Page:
Falls from heights and same-level falls can happen anywhere, anytime.

Every year falls lead to a significant number of worker injuries and deaths, particularly in construction. Slips, trips and falls are some of the leading injuries that cause workers to miss time at work. You can help prevent slips, trips, and falls. Preventing these injuries is a critical goal for every safe and healthy workplace.

This resource provides general information on slips, trips, and falls in the workplace and does not address industry-specific regulatory requirements.

Employer responsibilities

Employers must:

  • take every precaution reasonable in the circumstances for the protection of workers
  • provide information, instruction, and supervision to workers to protect the health or safety of the workers
  • acquaint workers and supervisors with any slip, trip, or fall hazard in the work and in the handling, storage, and use of any article, device, or equipment

These duties may involve:

  • identifying and assessing the risk of job-specific slip, trip and fall hazards
  • establishing controls to eliminate or reduce workers’ exposure to slip, trip and fall hazards
  • ensuring the control measures are working

Worker responsibilities

Workers must:

  • report known slip, trip or fall hazards to the employer or supervisor
  • use or wear equipment, protective devices or clothing required by the employer
  • report to the employer or supervisor the absence of or defect in any equipment or protective device of which they are aware and which may endanger them or other workers

Slip, trip and fall hazards

Consider the following common slip, trip and fall hazards in your workplace:

  • slippery surfaces (for example, oily or greasy surfaces)
  • seasonal slip, trip and fall hazards (for example, snow and ice)
  • spills of wet or dry substances
  • changes in walkway levels and slopes
  • unsecured mats
  • unsafe use of ladders
  • poor lighting
  • falls from beds of trucks, trailers or loads
  • debris and cables in walkways
  • smoke, steam or dust obscuring view
  • lack of guardrails on mezzanines and balconies
  • unsuitable footwear
  • poorly maintained equipment (for example, ladders, fall arrest, etc.)

Controlling hazards

Consider the following when establishing safe work practices for your workplace:

  • characteristics of physical work area
  • weather conditions (for example, snow, ice, rain, etc.)
  • tasks performed
  • workers’ work practices

Control measures for slip, trip and fall hazards may include:

Engineering controls

Engineering controls include:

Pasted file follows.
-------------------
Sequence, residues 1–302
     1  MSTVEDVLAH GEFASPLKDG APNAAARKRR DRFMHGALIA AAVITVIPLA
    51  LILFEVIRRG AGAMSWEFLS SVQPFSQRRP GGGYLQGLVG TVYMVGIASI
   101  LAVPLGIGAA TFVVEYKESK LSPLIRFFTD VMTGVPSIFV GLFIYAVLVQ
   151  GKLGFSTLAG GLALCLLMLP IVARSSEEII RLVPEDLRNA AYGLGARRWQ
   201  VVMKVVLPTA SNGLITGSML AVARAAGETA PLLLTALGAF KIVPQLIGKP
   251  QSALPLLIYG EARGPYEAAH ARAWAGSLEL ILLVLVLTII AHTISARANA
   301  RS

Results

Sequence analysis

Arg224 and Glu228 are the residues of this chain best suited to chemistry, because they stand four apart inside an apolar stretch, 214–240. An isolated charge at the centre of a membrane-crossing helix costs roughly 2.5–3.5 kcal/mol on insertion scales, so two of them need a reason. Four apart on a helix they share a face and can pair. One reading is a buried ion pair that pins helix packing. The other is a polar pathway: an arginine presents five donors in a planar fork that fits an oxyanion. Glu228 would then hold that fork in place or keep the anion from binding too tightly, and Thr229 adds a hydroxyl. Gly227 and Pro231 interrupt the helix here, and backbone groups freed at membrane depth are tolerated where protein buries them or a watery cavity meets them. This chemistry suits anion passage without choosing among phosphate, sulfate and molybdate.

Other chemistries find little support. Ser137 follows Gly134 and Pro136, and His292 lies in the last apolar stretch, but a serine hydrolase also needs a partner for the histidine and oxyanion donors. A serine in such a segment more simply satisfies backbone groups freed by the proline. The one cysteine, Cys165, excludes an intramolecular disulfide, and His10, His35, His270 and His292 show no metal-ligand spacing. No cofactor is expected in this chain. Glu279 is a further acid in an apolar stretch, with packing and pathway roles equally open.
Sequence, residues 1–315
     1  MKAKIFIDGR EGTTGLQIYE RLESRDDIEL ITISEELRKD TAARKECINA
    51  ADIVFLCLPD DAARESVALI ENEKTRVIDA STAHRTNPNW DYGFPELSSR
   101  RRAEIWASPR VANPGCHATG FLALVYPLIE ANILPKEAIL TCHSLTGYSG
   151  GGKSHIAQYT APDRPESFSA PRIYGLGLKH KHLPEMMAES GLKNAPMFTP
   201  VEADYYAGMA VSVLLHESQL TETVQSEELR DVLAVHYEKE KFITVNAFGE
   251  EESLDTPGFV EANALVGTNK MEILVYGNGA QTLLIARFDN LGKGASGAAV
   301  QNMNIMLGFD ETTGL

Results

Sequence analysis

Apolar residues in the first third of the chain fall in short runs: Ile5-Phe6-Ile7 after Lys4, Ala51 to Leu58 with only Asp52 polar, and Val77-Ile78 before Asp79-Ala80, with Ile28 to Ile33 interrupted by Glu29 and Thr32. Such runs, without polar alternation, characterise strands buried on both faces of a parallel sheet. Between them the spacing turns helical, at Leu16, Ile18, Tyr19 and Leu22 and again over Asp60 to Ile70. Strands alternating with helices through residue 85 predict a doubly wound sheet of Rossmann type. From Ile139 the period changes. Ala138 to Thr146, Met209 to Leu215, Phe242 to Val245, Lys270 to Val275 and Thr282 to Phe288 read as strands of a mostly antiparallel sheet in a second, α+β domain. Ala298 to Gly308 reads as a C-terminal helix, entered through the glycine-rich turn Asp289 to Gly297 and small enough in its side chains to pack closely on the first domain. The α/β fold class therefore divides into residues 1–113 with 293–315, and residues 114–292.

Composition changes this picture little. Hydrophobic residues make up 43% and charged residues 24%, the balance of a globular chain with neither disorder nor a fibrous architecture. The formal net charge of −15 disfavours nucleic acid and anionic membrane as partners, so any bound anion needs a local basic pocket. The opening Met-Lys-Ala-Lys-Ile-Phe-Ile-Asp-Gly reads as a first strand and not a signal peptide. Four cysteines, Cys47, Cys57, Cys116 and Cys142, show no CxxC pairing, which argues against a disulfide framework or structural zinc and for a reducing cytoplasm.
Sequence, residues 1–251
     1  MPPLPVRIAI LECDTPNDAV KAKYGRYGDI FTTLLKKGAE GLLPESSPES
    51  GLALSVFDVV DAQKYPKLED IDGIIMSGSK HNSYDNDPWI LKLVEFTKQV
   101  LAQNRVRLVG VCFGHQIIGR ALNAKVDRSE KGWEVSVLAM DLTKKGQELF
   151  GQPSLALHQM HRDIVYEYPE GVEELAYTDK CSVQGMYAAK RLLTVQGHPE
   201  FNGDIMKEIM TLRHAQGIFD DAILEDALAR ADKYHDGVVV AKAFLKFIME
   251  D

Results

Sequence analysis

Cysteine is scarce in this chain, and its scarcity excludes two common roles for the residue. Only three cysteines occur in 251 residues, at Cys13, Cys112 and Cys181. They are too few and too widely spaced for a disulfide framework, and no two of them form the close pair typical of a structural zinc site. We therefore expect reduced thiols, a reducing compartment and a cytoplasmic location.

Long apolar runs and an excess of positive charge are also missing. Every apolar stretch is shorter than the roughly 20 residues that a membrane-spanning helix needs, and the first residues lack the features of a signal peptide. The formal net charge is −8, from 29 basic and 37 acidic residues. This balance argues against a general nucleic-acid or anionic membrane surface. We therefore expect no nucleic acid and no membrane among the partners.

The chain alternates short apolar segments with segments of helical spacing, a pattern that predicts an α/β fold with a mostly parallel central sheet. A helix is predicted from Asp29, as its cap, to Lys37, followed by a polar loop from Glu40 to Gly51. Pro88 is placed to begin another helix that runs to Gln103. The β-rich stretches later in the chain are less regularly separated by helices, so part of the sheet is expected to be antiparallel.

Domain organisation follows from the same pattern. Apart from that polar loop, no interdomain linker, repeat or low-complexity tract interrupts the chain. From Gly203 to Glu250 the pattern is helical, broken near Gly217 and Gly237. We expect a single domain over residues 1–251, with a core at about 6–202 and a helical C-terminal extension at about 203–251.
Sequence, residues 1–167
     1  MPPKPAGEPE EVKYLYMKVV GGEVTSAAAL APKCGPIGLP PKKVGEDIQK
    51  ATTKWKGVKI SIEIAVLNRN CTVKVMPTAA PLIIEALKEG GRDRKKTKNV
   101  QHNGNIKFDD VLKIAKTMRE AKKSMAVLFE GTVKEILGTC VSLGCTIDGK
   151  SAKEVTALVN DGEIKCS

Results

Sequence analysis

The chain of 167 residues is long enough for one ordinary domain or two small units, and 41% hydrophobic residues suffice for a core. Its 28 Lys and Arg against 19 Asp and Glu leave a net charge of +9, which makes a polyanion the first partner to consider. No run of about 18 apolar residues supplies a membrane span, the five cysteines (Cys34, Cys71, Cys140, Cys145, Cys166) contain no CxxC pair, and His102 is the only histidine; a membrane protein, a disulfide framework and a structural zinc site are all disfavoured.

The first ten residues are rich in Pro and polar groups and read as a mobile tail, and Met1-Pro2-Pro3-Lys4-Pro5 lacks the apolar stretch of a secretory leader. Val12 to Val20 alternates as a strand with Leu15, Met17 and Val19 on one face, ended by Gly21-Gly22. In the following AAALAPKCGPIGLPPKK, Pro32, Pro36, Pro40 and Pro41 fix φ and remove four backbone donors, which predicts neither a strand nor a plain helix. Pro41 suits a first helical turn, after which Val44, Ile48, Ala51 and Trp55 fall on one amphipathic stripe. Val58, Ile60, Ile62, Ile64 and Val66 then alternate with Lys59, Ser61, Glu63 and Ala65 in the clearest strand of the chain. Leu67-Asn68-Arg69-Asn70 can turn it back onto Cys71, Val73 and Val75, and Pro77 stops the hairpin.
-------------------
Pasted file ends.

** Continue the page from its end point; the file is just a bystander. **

• slip-resistant flooring and slip-resistant mats
  • slope of surface (for example, ramps and handrails)
  • surface free of obstructions/holes
  • appropriate drainage
  • adequate lighting (minimize glare and contrast)
  • minimize environmental influences (for example, blocking wind, preventing wet surfaces from icing, etc.)
  • guardrails for raised floors, mezzanines and balconies
  • sound footing for ladders and work platforms
  • covers for openings in floors or other surfaces

Administrative controls

Administrative controls include:

  • provide wet floor signage
  • train workers to prevent slips, trips and falls
  • establish safe work practices
  • communicate a procedure for reporting hazards
  • ensure prompt maintenance
  • design jobs to minimize tasks requiring excessive pushing/pulling, line-of-sight obstruction and over-reaching
  • ensure shovels, mops and buckets are readily available
  • correct poor work practices
  • conduct joint health and safety committee monthly inspections
  • review slip, trip and fall incidents

Safe work practices

Safe work practices include:

  • clean up spills promptly
  • remove debris, snow and ice
  • routinely clean floors with appropriate solutions
  • use two hands to climb/descend ladders
  • maintain three-point contact on ladders
  • clean castors on wheeled carts
  • remove clutter from walking surfaces
  • clean grease build-up from slip resistant mats

Personal protective equipment

  • Select appropriate footwear based on a risk assessment of the job task.
  • Wear proper-fitting footwear that may include slip-resistant soles.
  • Properly select, use and maintain fall protection equipment.


Find information below on how to prevent falls in specific workplace environments.

All sectors

Proper ergonomics can protect workers from slips, trips and falls. Learn more about ladder ergonomics and what employers can do to reduce falls.

The Workplace Safety and Insurance Board (WSIB)’s Health and Safety Excellence program can help you prevent falls in your workplace with resources about a number of topics including:

  • recognition of hazards
  • risk assessment
  • control of hazards
  • health and safety training and competency

Successfully learning about these program topics may also earn you WSIB rebates and recognition.



Health care


This resource does not replace the Occupational Health and Safety Act (OHSA) and its regulations and should not be used as or considered legal advice. Health and safety inspectors apply and enforce these laws based on the facts they find in the workplace.

We have included links to other websites, but this does not mean that we endorse their information as compliant with the OHSA or the regulations.